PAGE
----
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What makes a good social worker: Shaping practice by listening to people

Good, trusting relationships with social workers can support families to be able to make sustainable change for their children, according to a seminar at the COMPASS Jobs Fair, Birmingham.

26/03/24

What makes a good social worker: Shaping practice by listening to people

Reforming social work practice to focus on family-led decision making has reduced the numbers of children taken into care by Coventry City Council.

In a seminar presented at the COMPASS Jobs Fair in Birmingham this week, James Orchard, Children’s Champion for Coventry City Council, looked at how children and their families had shaped services to make sustainable change.

‘We asked them how we can make things safer for young people and that meant a shift in practice to focus on the families themselves,’ he said.

Families and young people talked about the importance of building trusting relationships with social workers. Social workers had to trust the families too: ‘a lot of the time, the families have the answers. We know that families coming up with their own solutions are likely to have solutions that work,’ he said.

‘Consistency, compassion, listening and understanding’ were key elements. Transparency from the social worker was vital too. ‘If people don’t know what we are there for, that makes things very difficult and puts you on the back foot.

‘Nobody wants a social worker visiting their house but we can do it in a way that is respectful.’

Timekeeping was mentioned. “If you are going to be late, let them know.’
Effective communication, including language, was another factor. One young person told them ‘ I don’t know about all these abbreviations but I don’t think they are necessary for our files. If a young person accesses those files and doesn’t know what they mean it can come across as us lacking something or making us feel that we did something wrong.’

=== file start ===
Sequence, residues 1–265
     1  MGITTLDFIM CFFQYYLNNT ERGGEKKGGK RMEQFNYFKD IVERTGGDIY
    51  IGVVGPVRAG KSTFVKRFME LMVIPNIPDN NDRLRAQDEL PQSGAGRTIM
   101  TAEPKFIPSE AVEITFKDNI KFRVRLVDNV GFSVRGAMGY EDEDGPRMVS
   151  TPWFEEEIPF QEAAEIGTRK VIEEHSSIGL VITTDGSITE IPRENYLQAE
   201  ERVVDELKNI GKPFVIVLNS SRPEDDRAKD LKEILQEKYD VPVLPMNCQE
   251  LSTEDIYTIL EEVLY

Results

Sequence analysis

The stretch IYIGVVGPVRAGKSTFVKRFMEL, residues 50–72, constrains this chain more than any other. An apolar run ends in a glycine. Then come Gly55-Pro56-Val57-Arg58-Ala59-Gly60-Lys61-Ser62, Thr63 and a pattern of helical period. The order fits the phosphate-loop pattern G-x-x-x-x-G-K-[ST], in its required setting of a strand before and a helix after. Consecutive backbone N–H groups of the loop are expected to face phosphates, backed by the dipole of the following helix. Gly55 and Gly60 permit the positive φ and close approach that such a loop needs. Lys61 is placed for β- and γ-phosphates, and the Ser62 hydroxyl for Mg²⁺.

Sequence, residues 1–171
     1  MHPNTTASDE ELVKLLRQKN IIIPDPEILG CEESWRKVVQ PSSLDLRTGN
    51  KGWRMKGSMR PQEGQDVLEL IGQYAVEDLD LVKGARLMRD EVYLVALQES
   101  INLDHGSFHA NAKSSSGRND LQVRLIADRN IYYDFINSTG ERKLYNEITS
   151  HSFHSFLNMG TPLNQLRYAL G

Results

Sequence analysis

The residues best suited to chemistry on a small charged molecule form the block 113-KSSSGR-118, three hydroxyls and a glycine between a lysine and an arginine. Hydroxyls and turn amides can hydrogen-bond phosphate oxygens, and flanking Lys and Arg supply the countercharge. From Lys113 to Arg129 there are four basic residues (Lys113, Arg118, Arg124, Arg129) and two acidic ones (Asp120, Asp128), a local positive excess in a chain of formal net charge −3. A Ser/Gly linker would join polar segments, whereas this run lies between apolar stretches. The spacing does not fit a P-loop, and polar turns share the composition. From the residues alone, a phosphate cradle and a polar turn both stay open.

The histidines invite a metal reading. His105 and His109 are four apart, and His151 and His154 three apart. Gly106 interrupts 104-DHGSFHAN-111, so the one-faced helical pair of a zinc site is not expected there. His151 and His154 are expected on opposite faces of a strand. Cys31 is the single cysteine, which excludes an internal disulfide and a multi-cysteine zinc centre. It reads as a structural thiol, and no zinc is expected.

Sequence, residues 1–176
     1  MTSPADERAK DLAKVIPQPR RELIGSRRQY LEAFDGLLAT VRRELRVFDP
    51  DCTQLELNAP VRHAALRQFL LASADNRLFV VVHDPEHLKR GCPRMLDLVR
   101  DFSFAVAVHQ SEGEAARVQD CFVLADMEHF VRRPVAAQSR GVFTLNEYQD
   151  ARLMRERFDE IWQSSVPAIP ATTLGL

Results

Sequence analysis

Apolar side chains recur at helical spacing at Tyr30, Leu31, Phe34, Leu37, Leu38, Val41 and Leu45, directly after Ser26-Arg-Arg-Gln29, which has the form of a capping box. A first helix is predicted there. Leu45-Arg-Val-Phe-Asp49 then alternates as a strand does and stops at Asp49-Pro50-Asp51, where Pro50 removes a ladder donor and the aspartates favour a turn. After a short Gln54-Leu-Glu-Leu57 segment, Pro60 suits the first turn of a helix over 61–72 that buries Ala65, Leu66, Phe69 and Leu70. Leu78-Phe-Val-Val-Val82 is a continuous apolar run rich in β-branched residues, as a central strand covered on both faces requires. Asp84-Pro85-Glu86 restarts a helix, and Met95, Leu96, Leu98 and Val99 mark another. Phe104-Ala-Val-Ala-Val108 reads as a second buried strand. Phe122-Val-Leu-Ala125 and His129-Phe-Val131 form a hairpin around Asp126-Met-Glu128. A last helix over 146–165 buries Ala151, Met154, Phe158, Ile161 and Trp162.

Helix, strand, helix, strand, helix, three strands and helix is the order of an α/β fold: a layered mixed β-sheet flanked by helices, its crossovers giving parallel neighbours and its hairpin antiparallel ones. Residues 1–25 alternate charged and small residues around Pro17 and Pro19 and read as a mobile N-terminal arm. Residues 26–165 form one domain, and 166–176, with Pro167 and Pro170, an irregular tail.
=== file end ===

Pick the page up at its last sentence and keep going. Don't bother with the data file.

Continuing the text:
One parent said, ‘You need people that show affection because [our current social work] did and that meant she cared – that helped a lot. We had two social workers before that didn’t even listen, never mind care.’

The Coventry approach also means engaging effectively with fathers, for example finding out whether fathers can get time off work to participate fully.

‘Failure to engage with fathers has significant consequences: it limits the positive impact fathers can have on their children’s lives; it reduces the likelihood of fathers being used as a resource to support the families; it over-burdens the mothers, who are unfairly made responsible for caring for children emotionally, practically and financially.’

Ultimately, ‘it stops change.’

Mr Orchard said that in the past two years since the shift towards family decision-making in Coventry, ‘we have seen a consistent reduction in the numbers of children looked after by the local authority.’ It had decreased from 735 children in March 2021 to 647 today.

‘For staff, the work is about high support and high challenge. For our NQSWs, we have a cap of ten children they are working with, so they can really work with them, rather than have them running around putting the fires out.’

Ultimately, Coventry aims to equip families with the support they need to function as independently as possible. ‘We see families who have done incredibly, getting through to the stage where they feel equipped to manage our relationship dependently – knowing that support is just a phone call away.’

Find out more about working for Coventry City Council: https://www.coventry.gov.uk/socialworkjobs

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